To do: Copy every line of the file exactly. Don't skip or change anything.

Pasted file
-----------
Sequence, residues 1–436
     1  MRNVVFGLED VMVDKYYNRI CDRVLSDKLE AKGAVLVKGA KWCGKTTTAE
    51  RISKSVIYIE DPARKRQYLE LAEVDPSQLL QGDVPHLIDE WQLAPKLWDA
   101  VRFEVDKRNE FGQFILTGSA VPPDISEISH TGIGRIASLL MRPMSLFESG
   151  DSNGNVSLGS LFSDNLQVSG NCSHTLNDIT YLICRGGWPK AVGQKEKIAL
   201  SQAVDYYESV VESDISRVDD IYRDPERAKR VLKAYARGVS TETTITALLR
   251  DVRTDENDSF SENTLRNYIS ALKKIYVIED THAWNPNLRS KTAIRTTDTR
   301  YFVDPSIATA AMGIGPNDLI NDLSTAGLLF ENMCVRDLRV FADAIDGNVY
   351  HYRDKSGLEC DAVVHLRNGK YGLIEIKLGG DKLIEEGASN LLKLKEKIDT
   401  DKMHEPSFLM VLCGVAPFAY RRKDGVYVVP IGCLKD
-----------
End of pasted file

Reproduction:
Sequence, residues 1–436
     1  MRNVVFGLED VMVDKYYNRI CDRVLSDKLE AKGAVLVKGA KWCGKTTTAE
    51  RISKSVIYIE DPARKRQYLE LAEVDPSQLL QGDVPHLIDE WQLAPKLWDA
   101  VRFEVDKRNE FGQFILTGSA VPPDISEISH TGIGRIASLL MRPMSLFESG
   151  DSNGNVSLGS LFSDNLQVSG NCSHTLNDIT YLICRGGWPK AVGQKEKIAL
   201  SQAVDYYESV VESDISRVDD IYRDPERAKR VLKAYARGVS TETTITALLR
   251  DVRTDENDSF SENTLRNYIS ALKKIYVIED THAWNPNLRS KTAIRTTDTR
   301  YFVDPSIATA AMGIGPNDLI NDLSTAGLLF ENMCVRDLRV FADAIDGNVY
   351  HYRDKSGLEC DAVVHLRNGK YGLIEIKLGG DKLIEEGASN LLKLKEKIDT
   401  DKMHEPSFLM VLCGVAPFAY RRKDGVYVVP IGCLKD